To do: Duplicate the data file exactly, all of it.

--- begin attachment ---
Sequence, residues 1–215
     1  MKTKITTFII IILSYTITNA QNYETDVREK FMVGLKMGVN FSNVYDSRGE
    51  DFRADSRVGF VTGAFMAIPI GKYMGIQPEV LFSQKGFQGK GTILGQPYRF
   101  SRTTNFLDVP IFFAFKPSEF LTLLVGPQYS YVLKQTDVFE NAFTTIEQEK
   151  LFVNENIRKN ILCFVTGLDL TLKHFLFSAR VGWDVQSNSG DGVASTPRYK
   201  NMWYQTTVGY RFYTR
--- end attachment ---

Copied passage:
Sequence, residues 1–215
     1  MKTKITTFII IILSYTITNA QNYETDVREK FMVGLKMGVN FSNVYDSRGE
    51  DFRADSRVGF VTGAFMAIPI GKYMGIQPEV LFSQKGFQGK GTILGQPYRF
   101  SRTTNFLDVP IFFAFKPSEF LTLLVGPQYS YVLKQTDVFE NAFTTIEQEK
   151  LFVNENIRKN ILCFVTGLDL TLKHFLFSAR VGWDVQSNSG DGVASTPRYK
   201  NMWYQTTVGY RFYTR